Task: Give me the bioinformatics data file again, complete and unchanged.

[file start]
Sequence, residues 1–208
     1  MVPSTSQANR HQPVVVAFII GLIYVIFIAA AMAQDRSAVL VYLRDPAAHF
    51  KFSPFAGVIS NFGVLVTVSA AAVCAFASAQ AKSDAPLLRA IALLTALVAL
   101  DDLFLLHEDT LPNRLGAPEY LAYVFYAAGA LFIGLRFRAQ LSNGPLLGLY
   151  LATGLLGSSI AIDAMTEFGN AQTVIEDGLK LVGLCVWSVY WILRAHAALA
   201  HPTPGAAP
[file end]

Sequence, residues 1–208
     1  MVPSTSQANR HQPVVVAFII GLIYVIFIAA AMAQDRSAVL VYLRDPAAHF
    51  KFSPFAGVIS NFGVLVTVSA AAVCAFASAQ AKSDAPLLRA IALLTALVAL
   101  DDLFLLHEDT LPNRLGAPEY LAYVFYAAGA LFIGLRFRAQ LSNGPLLGLY
   151  LATGLLGSSI AIDAMTEFGN AQTVIEDGLK LVGLCVWSVY WILRAHAALA
   201  HPTPGAAP